Published: 2014, Roaring Brook Press
Genre: Historical Fiction, Comedy
Audience: Middle GradeSource: Library
Find it: Goodreads
The seven students of St. Etheldreda’s School for Young Ladies thought that their Sunday dinner was like any other. They expected to eat their poor meal of buttered bread and hot beans while their headmistress and her brother ate veal. But this Sunday does not turn out as expected, as, upon eating the veal, both Mrs. Plackett and Mr. Godding fall to the ground, dead.
The unexpected turn of events has left the girls in an anxious state. Rather than being concerned about the fate of their headmistress and her brother, or even about who would have poisoned them and why, the girls instead worry about their own situations. Once the village of Ely and their parents find out about Mrs. Plackett’s demise, they’re sure to be sent away to their homes or other boarding schools, never to see each other again. So the girls make a pact: they’ll bury Mrs. Plackett and Mr. Godding and find a way to keep the school going with no one the wiser.
To put it simply, The Scandalous Sisterhood of Prickwillow Place is a farce. This is a story of exaggerations and is frequently tongue-in-cheek. The story takes place in Ely, England in 1900 and focuses on the absurdity and hilarity that ensues as seven friends try to cover up their headmistress’ murder. The seven leading ladies of this tale are: Dear Roberta, who is both sweet and genuinely good, Disgraceful Mary Jane, who enjoys the power of seduction, Dour Elinor, who fascinated with all aspects of mortality, Dull Martha, who is a bit slow on the uptake, Pocked Louise, who harbors a love of science, Smooth Kitty, who is the leader of their little band, and Stout Alice, whose heart belongs to the stage.
Underlying improbable situations, however, are some worthwhile messages, including that of sisterhood. As one of the girls points out, none of them have any sisters. The friendships they’ve formed with each other are therefore that much more powerful, that much more important to them. Theirs is a sisterhood formed not simply by blood, but by choice, and it’s one they’re willing to do just about anything to keep intact.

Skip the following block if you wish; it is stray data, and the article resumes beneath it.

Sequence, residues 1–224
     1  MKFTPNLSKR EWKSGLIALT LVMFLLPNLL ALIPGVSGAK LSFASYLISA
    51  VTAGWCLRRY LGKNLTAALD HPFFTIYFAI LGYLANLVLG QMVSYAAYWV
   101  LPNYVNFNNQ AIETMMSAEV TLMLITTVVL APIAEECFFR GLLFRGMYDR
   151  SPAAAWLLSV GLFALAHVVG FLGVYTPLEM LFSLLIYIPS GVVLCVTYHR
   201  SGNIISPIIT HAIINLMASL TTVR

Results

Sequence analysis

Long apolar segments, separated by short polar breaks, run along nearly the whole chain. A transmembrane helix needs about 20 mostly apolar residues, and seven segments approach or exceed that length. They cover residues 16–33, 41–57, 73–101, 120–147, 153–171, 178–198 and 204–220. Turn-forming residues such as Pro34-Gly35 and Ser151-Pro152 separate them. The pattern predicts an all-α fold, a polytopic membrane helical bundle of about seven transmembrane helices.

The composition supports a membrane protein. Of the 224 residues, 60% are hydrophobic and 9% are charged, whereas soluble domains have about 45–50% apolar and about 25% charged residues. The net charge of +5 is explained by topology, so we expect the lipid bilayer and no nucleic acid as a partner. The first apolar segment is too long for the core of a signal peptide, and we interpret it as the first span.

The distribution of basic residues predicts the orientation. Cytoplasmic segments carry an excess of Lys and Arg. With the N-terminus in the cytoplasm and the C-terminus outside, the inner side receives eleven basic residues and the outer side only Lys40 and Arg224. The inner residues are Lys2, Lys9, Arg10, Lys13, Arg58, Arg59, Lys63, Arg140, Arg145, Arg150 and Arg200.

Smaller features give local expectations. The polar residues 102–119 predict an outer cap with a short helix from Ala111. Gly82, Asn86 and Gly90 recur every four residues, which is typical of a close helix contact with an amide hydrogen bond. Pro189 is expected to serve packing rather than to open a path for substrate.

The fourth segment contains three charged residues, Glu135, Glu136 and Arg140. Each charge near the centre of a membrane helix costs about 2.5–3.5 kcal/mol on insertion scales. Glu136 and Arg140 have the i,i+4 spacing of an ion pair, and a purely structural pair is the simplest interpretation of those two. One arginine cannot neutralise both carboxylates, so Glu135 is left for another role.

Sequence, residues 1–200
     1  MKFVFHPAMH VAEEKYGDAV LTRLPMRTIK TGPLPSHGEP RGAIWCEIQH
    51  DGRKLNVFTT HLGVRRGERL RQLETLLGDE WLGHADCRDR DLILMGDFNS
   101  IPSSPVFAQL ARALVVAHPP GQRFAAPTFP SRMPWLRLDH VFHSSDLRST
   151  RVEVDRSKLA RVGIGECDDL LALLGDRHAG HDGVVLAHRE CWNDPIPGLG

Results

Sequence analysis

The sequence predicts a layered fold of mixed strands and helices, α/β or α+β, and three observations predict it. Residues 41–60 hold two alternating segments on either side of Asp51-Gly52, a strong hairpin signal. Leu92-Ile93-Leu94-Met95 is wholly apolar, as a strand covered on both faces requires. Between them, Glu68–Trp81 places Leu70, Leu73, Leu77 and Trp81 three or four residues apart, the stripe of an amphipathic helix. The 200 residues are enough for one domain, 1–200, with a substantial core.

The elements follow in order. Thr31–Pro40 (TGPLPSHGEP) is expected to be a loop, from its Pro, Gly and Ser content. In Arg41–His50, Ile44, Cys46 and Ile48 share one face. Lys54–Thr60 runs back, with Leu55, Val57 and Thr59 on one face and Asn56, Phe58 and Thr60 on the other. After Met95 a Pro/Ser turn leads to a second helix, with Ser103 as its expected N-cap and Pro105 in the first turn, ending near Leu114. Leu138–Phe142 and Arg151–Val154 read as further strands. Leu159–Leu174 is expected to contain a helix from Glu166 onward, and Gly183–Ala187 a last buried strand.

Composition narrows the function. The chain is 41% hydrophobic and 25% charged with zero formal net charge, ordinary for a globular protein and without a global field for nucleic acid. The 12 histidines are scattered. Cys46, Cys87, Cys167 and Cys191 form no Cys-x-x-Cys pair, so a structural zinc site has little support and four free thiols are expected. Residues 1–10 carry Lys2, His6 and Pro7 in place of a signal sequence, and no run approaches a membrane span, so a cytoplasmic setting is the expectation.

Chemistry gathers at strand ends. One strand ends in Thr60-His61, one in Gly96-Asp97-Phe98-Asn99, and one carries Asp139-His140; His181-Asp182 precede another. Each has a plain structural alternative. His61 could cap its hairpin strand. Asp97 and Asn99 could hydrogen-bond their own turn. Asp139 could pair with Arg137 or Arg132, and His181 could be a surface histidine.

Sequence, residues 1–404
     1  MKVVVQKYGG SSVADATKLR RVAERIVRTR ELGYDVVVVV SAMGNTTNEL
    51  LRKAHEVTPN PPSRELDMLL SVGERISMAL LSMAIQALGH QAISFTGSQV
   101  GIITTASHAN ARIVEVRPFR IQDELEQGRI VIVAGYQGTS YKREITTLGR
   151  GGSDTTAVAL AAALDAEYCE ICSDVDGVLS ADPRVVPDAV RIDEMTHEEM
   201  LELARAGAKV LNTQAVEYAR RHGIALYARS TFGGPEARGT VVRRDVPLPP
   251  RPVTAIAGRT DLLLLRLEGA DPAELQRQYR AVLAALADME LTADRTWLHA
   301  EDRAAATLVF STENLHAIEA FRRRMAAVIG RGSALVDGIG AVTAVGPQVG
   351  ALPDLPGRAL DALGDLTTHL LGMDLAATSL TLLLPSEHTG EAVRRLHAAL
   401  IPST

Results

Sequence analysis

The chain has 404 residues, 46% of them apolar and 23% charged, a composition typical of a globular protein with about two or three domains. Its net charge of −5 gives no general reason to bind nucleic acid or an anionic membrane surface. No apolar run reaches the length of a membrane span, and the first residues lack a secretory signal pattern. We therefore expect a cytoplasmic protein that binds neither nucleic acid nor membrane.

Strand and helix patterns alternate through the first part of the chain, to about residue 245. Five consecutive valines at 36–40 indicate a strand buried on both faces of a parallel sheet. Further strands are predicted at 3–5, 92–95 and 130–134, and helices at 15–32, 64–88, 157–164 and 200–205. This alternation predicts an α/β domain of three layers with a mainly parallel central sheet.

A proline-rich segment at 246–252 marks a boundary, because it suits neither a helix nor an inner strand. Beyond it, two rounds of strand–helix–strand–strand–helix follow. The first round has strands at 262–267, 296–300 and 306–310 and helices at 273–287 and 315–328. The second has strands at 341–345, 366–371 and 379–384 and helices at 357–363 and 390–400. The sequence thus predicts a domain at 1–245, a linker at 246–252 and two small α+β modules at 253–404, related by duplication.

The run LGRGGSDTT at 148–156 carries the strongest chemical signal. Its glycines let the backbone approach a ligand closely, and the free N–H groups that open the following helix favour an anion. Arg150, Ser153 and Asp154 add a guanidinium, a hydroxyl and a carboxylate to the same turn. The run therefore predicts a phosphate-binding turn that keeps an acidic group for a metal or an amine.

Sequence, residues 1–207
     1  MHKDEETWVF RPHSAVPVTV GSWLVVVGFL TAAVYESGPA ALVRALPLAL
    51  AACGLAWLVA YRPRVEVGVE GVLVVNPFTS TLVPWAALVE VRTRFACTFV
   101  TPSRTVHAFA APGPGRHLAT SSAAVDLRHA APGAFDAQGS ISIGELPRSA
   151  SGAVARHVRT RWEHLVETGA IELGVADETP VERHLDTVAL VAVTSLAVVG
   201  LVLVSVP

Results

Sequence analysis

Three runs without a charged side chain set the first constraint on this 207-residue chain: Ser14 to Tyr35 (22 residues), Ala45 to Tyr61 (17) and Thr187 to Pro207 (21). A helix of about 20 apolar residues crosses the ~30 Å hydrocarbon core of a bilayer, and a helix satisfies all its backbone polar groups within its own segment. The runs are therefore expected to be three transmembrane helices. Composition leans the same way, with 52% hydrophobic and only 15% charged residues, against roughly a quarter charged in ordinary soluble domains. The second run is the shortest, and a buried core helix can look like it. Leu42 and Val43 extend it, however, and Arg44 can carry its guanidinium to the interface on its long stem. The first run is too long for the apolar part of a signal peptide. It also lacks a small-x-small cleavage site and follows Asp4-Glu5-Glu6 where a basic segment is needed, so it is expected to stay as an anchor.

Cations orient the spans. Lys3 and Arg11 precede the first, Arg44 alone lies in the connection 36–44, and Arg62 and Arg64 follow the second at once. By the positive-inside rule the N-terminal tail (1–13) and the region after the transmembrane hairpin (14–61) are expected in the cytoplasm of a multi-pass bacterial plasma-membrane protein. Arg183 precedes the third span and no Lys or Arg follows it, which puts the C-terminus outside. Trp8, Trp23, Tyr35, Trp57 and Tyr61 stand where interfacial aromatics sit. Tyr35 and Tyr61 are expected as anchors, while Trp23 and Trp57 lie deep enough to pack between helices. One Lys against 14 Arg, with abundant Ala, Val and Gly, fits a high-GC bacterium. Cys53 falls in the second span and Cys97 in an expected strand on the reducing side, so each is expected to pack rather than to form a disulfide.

Woven within the farcical elements is a more typical murder mystery story. Who killed Mrs. Plackett? Why? Are the girls themselves in danger? Despite the small town atmosphere that Ely has, Berry has created a story full of red herrings, where nothing is cut and dry, and where each person remains a suspect until the big reveal. The mystery aspect is very well done, and combined with the humor it makes for a very readable, entertaining book.
The Scandalous Sisterhood of Prickwillow Place is a delight to read in novel form, but it is something I could see becoming even stronger if told on the stage. The characters could become more distinct, the humor more pronounced, the wit that much more apparent if made into a play.
As a book, though, it still provides an absolutely memorable reading experience. Berry has created a story that believably pulls together elements of historical fiction, farce, murder mystery, and sisterhood. It’s absolutely worth reading.
Rating: 4.5 stars